Nestled between Memorial Day and the 4th of July, Flag Day is often overlooked, but it traces its roots back to the early days of the United States. 

What Is Flag Day and Why Is It Recognized?

Flag Day is a celebration of the American flag. It takes place every year on June 14 in remembrance of when the Stars and Stripes. designed by Congressman Francis Hutchinson or Betsy Ross, was introduced by the Continental Congress as the official American flag on June 14, 1777.

The Declaration of Independence had united the colonies under a single entity. Therefore, Congress was likewise looking to unite the colonies under a single banner. (Until that point, all 13 colonies had their own flag.)

Original 1777 flag design

“The flag of the United States shall be thirteen stripes, alternate red and white, with a union of thirteen stars of white on a blue field…,” Congress said. Each stripe and star represented a colony. One of the first flag designs had the stars arranged in a circle, based on the idea that all colonies were equal.

The circular “Betsy Ross” flag is most popular in books and films.

The red stripes symbolize valor whereas the white purity and innocence. The stars sewn into the blue background represent vigilance, perseverance, and justice.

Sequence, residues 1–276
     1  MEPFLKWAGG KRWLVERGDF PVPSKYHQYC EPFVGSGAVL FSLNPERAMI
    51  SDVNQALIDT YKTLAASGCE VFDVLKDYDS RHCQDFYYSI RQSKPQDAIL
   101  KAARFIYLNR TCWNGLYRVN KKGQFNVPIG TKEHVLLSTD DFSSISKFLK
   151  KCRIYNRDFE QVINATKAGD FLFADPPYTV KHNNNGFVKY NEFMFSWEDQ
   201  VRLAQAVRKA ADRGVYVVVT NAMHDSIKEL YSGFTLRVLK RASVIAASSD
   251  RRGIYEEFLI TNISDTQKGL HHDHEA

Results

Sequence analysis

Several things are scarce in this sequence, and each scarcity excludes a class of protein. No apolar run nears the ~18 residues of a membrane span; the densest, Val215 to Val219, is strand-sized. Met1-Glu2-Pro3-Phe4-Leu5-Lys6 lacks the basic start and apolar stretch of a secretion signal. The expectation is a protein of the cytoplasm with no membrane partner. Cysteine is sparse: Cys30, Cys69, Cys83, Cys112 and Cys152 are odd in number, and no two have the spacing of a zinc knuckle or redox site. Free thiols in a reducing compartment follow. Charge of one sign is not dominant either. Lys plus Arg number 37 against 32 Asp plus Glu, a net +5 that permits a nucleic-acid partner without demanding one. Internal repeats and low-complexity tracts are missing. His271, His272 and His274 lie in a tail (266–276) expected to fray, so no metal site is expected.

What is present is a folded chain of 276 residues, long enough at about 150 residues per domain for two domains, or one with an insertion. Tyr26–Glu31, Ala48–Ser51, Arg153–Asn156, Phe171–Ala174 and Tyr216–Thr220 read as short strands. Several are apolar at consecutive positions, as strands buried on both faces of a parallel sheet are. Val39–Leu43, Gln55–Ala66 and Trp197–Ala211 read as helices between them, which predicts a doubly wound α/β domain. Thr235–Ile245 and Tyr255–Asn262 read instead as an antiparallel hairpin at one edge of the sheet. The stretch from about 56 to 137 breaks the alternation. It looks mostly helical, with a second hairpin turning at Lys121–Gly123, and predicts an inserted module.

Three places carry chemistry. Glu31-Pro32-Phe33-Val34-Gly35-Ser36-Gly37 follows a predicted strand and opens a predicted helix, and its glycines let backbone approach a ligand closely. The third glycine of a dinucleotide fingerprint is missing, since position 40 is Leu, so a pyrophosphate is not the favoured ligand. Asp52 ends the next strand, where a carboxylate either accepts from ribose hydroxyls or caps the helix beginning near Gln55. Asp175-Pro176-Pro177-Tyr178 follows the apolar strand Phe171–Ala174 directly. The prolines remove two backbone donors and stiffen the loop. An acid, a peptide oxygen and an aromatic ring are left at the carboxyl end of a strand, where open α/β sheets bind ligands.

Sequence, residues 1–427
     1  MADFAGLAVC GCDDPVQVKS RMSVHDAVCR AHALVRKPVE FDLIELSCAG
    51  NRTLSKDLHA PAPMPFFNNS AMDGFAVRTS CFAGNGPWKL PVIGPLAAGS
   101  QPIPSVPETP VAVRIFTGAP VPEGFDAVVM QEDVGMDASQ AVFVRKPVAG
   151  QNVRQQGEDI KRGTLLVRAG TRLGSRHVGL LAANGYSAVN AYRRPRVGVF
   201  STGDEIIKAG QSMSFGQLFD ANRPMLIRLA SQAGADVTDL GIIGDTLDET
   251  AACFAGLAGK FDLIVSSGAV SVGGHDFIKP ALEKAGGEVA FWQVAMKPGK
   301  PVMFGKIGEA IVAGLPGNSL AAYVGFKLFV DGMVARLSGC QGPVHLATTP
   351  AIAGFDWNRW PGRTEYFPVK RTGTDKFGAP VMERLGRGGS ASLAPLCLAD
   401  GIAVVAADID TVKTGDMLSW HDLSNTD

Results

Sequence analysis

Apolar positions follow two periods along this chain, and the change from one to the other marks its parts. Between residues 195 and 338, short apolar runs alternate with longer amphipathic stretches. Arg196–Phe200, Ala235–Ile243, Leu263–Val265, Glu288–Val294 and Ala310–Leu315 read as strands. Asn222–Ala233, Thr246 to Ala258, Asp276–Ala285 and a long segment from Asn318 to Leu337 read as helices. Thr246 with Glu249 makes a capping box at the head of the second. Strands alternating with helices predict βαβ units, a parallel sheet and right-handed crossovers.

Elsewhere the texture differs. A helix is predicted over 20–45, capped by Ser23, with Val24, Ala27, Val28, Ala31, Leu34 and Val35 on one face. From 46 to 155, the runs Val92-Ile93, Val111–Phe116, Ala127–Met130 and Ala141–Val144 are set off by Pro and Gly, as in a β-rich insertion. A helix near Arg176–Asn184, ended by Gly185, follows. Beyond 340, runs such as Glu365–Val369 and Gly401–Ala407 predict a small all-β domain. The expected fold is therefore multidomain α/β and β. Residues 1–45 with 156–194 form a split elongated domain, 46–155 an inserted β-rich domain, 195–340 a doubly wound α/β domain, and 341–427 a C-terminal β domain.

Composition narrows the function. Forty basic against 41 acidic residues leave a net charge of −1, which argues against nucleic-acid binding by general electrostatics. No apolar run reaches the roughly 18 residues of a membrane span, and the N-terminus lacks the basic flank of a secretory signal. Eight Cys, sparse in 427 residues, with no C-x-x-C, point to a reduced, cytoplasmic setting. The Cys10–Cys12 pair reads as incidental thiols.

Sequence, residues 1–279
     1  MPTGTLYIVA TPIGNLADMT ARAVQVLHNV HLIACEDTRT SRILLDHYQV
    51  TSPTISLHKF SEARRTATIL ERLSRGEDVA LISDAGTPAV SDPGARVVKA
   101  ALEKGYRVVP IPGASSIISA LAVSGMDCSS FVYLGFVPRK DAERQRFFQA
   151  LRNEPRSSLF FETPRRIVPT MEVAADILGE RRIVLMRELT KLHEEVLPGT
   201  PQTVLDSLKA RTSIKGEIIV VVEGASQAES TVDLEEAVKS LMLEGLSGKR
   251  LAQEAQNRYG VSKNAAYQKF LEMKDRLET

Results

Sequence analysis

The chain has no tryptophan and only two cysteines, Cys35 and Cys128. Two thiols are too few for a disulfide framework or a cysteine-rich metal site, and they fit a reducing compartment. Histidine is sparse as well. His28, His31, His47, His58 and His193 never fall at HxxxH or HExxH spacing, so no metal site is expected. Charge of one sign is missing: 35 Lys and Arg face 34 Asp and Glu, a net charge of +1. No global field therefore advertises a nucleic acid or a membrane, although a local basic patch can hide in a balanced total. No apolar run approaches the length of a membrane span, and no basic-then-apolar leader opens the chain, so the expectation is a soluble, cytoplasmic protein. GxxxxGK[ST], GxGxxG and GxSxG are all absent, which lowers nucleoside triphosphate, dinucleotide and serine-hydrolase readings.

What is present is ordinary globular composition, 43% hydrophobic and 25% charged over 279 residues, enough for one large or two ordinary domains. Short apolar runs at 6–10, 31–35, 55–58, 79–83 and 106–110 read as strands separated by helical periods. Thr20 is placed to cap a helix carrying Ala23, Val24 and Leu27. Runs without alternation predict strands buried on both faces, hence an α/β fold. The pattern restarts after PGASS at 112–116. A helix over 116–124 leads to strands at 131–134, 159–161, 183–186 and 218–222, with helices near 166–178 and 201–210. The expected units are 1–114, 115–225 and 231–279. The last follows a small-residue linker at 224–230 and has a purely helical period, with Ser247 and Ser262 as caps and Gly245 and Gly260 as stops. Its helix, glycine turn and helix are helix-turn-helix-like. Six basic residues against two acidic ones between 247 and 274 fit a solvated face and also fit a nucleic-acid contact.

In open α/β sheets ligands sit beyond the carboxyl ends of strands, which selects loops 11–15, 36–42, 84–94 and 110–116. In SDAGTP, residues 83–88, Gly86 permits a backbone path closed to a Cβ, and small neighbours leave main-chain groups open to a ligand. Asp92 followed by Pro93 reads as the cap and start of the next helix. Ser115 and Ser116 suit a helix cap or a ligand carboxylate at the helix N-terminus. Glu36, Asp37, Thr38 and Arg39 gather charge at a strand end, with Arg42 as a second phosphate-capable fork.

In 1795, when Vermont and Kentucky were admitted into the Union as states, the flag changed as two stars and two stripes were added. Every subsequent flag went back to the original 13 red and white stripes. 

Since the American Revolution in 1777, there have been 27 different versions of the American flag. Stars have been added to the American flag as states joined the Union. The most current version, the 50-star flag, was recognized in 1960 when Alaska and Hawaii became states. A 17-year-old high school student, Robert G. Heft, of Lancaster, Ohio, submitted the design in a contest in 1958. It was chosen, from more than 1,500 submissions, by President Dwight Eisenhower.

The 1912 flag with 48 stars was used until the current flag of 50 stars.

The evolution of the American flag is therefore not only the history of a symbol but that of the land and its people.

The Father of Flag Day